Steve Coogan and Rob Brydon are back for “The Trip To Greece,” the fourth in their series of improvised buddy comedies.

While some movie series run their courses after just a few chapters (e.g. “Before Sunrise/Sunset/Midnight”), the “Trip” formula still holds up because there’s no real plot that holds the films together – it’s just one exotic locale after another with good food and two close friends joking around. If you like spending time with them, you’ll enjoy this voyage.

The simple structure director Michael Winterbottom came up with this time is that Steve is writing a travel-and-food magazine piece for which the duo will visit some of the places Odysseus travelled to in Homer’s “The Odyssey.” As Brydon points out, “That took ten years. We have six days. Ambitious!”

Along the way, they eat at five-star restaurants and banter, banter, banter. They don’t reprise their dueling Michael Caine impressions, but they each show off very good imitations of Mick Jagger and Dustin Hoffman, as well as a few others — including Coogan portraying an actor whose dialogue is badly dubbed.

It’s obvious that Coogan studied the history of “The Odyssey” so he could drop in factoids from it at regular intervals. Brydon, meanwhile, went into the project blissfully ignorant, allowing him to make more snarky remarks. When they visit one archeological site that’s nothing more than a pile of rocks, Brydon comments, “I’m glad we didn’t have to pay to see that. Legoland costs a fortune, but you get a lot for your money.” He’s also the one who insists on singing the theme song to the movie “Grease” as they motor along through the Greek countryside.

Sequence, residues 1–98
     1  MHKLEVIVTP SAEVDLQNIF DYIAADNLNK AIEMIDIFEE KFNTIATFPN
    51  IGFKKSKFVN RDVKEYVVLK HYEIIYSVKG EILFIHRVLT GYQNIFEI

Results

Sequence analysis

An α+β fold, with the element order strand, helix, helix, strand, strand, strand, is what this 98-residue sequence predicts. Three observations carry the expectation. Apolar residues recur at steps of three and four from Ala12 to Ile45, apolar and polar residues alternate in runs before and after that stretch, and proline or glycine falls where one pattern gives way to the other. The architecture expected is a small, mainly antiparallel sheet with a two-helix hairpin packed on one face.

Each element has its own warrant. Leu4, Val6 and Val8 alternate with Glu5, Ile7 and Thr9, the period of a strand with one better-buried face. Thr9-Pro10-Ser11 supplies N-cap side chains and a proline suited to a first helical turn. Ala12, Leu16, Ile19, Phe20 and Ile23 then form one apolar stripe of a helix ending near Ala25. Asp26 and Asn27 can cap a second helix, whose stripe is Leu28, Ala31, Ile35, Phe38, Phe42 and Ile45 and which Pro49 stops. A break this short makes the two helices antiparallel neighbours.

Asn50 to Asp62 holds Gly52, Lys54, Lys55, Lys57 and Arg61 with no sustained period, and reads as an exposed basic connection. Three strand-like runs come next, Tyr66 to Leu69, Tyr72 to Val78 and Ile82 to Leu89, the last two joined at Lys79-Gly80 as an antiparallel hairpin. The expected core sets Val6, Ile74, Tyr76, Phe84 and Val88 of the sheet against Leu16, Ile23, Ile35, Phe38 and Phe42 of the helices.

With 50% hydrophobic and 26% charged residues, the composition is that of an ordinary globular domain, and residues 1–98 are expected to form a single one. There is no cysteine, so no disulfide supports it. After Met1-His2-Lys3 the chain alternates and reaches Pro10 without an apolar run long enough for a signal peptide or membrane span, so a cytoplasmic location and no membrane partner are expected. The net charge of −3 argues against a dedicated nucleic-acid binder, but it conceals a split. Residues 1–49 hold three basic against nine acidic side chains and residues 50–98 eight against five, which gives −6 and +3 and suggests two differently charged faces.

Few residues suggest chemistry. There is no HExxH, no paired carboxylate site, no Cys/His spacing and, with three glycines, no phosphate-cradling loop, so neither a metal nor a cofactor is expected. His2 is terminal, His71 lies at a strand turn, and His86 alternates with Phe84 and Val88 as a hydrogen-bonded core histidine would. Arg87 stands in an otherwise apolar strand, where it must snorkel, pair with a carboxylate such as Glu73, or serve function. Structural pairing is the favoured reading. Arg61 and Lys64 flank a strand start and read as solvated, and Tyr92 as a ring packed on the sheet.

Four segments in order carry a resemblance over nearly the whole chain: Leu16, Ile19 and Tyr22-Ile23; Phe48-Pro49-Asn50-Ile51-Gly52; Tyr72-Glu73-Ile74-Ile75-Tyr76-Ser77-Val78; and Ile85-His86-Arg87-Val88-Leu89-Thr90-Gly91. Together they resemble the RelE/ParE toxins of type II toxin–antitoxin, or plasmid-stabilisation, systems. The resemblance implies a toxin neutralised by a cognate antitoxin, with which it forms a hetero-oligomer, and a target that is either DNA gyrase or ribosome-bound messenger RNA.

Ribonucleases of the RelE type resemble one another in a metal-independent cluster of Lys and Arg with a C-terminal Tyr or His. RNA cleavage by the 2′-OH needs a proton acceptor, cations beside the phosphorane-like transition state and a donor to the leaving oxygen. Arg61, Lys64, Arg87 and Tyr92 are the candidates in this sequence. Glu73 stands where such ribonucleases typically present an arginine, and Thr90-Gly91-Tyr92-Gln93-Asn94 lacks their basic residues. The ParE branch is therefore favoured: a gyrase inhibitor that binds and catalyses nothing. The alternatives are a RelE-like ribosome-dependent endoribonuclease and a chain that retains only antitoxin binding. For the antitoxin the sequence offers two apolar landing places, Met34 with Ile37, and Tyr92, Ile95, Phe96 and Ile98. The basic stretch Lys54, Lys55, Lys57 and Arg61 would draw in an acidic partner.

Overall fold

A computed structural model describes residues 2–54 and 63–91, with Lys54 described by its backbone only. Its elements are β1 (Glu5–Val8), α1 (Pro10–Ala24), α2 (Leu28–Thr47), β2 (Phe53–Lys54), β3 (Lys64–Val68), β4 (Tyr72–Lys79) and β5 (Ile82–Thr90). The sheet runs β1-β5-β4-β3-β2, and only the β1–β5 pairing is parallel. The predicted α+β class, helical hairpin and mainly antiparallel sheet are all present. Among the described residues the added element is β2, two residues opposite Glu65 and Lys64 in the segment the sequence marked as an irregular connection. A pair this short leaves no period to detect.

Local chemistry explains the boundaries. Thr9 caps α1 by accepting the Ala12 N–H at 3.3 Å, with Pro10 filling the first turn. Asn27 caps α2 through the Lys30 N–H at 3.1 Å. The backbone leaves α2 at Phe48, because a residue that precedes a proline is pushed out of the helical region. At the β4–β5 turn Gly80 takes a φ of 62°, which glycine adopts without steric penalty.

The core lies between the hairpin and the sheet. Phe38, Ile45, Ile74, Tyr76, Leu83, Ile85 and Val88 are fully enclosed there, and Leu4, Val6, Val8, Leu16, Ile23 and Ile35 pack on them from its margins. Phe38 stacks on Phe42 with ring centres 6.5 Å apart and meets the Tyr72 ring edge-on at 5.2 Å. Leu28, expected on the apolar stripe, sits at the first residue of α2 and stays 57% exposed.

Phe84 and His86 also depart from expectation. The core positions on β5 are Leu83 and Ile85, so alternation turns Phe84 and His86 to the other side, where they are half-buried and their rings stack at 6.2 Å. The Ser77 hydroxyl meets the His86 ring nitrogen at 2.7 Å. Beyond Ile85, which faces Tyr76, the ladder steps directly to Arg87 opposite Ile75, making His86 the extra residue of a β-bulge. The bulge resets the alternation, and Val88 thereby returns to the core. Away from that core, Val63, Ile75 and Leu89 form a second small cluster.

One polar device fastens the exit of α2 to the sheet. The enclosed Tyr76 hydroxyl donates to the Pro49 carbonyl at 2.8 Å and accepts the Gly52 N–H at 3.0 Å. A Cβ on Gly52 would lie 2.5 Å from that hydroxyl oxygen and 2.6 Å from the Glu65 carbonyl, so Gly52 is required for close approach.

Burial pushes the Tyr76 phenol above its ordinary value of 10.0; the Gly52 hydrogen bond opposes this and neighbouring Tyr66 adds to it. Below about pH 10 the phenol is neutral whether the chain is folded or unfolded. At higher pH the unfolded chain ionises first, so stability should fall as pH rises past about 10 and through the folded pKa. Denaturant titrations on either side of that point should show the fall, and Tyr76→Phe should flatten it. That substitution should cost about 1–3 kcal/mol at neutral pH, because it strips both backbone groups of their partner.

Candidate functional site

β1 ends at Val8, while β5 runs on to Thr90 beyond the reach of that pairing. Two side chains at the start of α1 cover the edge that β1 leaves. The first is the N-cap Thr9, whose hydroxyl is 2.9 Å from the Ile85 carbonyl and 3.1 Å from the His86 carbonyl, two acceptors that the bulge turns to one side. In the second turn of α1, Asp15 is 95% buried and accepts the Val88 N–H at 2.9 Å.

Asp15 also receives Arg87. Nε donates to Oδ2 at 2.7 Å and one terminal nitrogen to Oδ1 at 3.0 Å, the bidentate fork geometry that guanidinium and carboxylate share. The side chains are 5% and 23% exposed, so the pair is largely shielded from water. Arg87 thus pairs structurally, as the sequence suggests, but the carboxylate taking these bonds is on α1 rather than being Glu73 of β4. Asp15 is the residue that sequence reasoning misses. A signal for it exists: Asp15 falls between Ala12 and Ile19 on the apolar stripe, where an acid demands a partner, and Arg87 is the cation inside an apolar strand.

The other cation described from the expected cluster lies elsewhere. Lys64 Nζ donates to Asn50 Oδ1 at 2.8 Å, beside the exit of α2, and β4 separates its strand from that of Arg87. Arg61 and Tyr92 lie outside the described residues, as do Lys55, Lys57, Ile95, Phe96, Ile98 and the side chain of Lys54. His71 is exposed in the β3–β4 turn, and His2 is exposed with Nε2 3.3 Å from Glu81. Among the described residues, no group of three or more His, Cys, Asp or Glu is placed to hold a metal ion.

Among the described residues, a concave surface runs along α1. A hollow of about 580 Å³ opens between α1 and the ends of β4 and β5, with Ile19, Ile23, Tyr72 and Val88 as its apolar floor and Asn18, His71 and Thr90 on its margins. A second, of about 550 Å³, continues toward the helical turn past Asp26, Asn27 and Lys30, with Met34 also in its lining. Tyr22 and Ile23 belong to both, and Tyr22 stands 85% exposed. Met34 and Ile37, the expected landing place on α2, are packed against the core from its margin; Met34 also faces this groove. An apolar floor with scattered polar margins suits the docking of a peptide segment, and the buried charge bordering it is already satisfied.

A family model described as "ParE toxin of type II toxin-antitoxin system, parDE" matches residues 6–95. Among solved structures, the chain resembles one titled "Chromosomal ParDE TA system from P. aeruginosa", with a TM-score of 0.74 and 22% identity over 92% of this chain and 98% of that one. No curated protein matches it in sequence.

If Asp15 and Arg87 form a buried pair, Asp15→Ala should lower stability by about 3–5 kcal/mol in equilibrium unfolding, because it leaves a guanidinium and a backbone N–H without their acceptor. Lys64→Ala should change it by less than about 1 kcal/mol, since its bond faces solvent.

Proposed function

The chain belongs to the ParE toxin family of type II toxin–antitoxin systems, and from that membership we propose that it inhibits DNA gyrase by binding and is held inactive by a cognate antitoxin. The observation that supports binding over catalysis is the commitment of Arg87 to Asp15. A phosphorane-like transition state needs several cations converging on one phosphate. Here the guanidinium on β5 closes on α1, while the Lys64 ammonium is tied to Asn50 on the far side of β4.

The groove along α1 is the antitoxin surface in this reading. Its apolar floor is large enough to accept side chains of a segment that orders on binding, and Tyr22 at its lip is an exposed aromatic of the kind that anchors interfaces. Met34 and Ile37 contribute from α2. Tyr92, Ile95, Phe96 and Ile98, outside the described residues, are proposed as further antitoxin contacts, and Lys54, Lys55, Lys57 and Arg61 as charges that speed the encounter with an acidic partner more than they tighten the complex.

As longtime good friends do, Coogan and Brydon constantly rib and try to one-up each other. Coogan loves to lord over Brydon the fact that he’s won seven BAFTAs (the UK equivalent of the Oscars + Emmys) while his colleague has none. The two even get involved in a swimming competition that reminded me of Brydon’s 2018 movie, “Swimming With Men,” which I enjoyed quite a bit (my review is here). There’s also an encounter with one of Coogan’s co-stars in “Greed,” a very good movie that deserved more than the scant attention it received earlier this year (my review is here).

The comedy in “The Trip To Greece,” like its predecessors, runs the gamut from silly to sublime. Where else are you going to get two guys in a boat in a cave making a reference to the Swingle Singers, or one criticizing the other because his Arnold Schwarzenegger impression sounds too much like Werner Herzog?

Winterbottom and his stars say this is the last of their “Trip” movies. That’s a shame, because I’ve enjoyed spending several hundred minutes with them — especially at a time when Martha and I have had to cancel myriad trips we’d planned to faraway places beyond our mud room. I don’t think the “Trip” formula or comedy is wearing thin, so I would happily go along on another of their voyages in a few years.

But if it is their finale, they’ve gone out in fine style. I give “The Trip To Greece” a 9 out of 10.

The movie was supposed to open in theaters this weekend, but due to COVID-19, it’s gone straight to video-on-demand. I rented it for six bucks on Amazon Prime Video, but it’s on other streaming platforms, too.